When Little Man was about 7 1/2 months old, we went to visit my parents. As they live a couple of hours away, this involved staying over. The little chap slept quite badly the whole weekend, but we weren’t especially surprised as he was in his travel cot which is still an unfamiliar bed for him. But when we got home, he continued to sleep badly even in his own cot. After a week of frequent wake-ups at night, I wondered whether he could be going through a sleep regression.
What is sleep regression in babies?
A sleep regression basically is what it says on the tin: a period of time (usually 3 – 6 weeks) where a baby starts sleeping worse with more wake-ups during the night, and/or trouble settling down to sleep.
Sleep regressions are particularly associated with developmental milestones and growth spurts, so there are some ages when you can more or less expect a patch of bad sleep to come along… And yep, 8 months is one of those ages!
When does sleep regression happen?
Most babies go through their first sleep regression around four months old, which is caused by changes in your baby’s sleep cycles, moving towards a more adult sleeping pattern. We actually didn’t notice that one though! At four months old, Little Man was sleeping so badly anyway that we were already up with him at least 15 times a night thanks to his tummy and colic… So there wasn’t really any capacity for his sleep to get any worse. There’s a strange sort of silver lining…
The next sleep regression is around eight months, although really it can happen any time in the seven to ten months range. And that’s where we’re currently at!
Our experience of the eight month sleep regression
It’s been a mixed bag so far! Little Man has sometimes had trouble settling to sleep at night, and often has been waking up fussing multiple times per night – we’d got used to him only waking once for a feed (or sometimes not at all!) so that has felt like a bit of a shock to the system.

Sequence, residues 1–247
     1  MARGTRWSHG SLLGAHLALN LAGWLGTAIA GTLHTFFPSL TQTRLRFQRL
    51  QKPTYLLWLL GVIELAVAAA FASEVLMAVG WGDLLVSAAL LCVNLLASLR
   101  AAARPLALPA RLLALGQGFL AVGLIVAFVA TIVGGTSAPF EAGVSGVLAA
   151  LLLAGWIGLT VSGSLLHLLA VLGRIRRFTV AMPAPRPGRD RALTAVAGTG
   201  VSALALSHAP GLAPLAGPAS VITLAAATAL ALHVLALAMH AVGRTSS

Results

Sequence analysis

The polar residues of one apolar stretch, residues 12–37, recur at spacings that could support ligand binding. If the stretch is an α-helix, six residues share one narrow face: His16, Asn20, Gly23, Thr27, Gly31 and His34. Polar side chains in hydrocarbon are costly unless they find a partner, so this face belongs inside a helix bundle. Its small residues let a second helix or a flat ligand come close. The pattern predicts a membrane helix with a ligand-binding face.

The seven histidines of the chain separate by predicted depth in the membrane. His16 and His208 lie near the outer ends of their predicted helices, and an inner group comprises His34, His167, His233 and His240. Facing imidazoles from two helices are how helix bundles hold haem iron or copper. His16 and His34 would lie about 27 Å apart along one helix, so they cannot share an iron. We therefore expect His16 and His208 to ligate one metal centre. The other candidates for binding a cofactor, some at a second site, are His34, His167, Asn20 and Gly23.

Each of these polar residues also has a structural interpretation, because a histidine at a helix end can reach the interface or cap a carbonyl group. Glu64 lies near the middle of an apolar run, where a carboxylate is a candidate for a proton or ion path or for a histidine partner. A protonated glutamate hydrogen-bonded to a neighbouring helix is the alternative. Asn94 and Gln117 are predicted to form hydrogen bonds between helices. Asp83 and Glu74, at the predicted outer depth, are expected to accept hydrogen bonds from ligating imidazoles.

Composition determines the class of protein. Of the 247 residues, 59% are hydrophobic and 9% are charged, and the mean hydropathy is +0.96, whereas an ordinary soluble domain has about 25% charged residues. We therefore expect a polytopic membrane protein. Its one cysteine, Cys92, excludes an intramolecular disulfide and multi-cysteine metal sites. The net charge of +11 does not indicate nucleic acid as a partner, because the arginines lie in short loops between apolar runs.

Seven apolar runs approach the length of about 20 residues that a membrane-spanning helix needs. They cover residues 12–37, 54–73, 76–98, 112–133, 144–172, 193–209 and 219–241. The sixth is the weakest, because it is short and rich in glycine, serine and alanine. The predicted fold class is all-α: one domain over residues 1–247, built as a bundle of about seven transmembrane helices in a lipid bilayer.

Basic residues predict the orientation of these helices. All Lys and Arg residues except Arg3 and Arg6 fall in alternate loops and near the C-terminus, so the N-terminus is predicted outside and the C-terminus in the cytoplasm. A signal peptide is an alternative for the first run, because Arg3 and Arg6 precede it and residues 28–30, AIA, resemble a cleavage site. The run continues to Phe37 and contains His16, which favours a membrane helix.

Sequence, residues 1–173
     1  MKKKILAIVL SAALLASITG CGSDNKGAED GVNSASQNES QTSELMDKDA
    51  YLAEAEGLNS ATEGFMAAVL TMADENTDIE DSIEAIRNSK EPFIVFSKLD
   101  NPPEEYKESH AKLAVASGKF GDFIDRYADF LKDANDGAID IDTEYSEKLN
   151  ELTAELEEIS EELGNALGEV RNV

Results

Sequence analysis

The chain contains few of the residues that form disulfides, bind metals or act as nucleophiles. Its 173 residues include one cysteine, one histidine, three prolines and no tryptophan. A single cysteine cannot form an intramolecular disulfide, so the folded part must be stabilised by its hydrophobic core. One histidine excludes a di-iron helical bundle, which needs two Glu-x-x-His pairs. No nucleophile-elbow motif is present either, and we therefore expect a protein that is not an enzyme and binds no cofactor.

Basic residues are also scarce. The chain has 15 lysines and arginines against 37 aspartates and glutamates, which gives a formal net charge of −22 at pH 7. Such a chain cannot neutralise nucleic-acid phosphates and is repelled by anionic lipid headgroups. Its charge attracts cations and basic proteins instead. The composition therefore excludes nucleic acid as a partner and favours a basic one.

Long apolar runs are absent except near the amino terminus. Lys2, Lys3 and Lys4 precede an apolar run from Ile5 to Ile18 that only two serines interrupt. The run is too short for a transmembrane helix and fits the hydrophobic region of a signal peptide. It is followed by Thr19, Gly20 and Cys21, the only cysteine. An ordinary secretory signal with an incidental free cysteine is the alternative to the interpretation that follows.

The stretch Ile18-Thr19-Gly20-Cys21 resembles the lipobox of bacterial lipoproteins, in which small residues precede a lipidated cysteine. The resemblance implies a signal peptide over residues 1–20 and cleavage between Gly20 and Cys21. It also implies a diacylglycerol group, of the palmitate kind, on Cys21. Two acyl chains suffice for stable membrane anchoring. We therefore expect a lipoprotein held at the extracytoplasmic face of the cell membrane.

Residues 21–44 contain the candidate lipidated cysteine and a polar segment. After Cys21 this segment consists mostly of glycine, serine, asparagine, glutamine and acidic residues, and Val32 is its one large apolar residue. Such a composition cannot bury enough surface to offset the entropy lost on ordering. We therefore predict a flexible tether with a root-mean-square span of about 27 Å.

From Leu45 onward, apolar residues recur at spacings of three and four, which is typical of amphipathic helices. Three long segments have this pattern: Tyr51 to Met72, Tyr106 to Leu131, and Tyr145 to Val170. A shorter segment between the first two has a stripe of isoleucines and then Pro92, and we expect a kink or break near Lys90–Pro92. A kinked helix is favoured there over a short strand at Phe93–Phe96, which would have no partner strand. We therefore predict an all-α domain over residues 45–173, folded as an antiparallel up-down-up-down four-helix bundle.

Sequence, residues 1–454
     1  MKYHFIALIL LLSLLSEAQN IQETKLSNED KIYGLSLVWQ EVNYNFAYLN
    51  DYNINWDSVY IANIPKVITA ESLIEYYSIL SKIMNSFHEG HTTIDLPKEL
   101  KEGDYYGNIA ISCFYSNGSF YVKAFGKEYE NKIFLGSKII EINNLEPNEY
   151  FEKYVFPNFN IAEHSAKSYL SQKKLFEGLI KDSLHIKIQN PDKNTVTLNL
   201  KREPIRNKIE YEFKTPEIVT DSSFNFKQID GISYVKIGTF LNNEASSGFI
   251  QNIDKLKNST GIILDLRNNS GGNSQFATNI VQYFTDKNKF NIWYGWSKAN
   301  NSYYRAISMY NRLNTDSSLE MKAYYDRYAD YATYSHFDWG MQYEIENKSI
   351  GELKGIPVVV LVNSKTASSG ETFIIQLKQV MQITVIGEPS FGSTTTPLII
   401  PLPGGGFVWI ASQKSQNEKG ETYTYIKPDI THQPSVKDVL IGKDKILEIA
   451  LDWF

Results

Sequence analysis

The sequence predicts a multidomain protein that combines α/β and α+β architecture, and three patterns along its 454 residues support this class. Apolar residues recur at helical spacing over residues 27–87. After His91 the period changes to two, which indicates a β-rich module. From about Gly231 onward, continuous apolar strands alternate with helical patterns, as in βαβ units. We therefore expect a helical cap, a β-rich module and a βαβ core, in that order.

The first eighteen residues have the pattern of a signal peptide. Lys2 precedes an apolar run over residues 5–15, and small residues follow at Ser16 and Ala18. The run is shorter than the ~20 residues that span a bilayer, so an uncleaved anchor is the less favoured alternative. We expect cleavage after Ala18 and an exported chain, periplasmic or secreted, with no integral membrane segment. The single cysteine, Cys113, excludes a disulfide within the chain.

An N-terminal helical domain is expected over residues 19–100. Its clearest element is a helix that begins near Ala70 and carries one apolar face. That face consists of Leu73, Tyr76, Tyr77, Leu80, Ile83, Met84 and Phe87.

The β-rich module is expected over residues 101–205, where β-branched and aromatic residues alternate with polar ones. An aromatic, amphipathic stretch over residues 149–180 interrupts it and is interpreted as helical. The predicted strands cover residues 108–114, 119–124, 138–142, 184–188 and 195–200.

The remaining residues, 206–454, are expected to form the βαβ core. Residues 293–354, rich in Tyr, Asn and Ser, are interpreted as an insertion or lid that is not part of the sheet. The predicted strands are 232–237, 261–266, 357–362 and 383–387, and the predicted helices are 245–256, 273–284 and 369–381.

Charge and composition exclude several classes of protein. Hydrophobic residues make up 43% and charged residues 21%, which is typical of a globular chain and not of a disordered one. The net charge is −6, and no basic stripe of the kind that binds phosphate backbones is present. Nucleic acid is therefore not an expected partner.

This eight month sleep regression coincided quite closely with Little Man starting to crawl forwards and pull himself up on things. This is apparently often associated with sleep regression, as is the start of separation anxiety, commonly experienced around eight months.
In general I’ve noticed issues much more at night than with his daytime naps, although we have had a couple of incidents of naptime meltdowns and nap refusal. In fact, overall I’d say he’s actually been napping longer during the day (presumably to make up for the night time deficit!). However at times he is doing two very very long naps rather than three shorter naps in one day. That can be difficult to predict, and it’s often difficult to know whether or not he will want a third nap!
We’re probably almost four weeks in and things are just starting to improve again, which is positive. Hopefully it won’t be too long before we’re back to getting a reasonable night’s sleep most nights…
Tips For Parents
So what are my tips for sleep regression? I guess focus on the positives: although Little Man is waking up much more than he was a month ago, it’s still nowhere near as bad as he was around 5 months old with his colic, or in the very early newborn stage when they need to feed constantly.
I’ve also written previously about our white noise machine and how useful it is at soothing Little Man to sleep. It’s also something I’d recommend to any parents going through a sleep regression! The white noise owl has a noise sensor, and it turns the nose on automatically if it senses baby making noise in the night. This has been so invaluable over the last few weeks – sometimes I’ve been woken by the sound of Little Man fussing in the night, but once his white noise comes on, he’s happily settled back down to sleep and I’ve not needed to get up at all! Of course, it doesn’t work every time, but I definitely recommend getting a white noise machine if you don’t have one.
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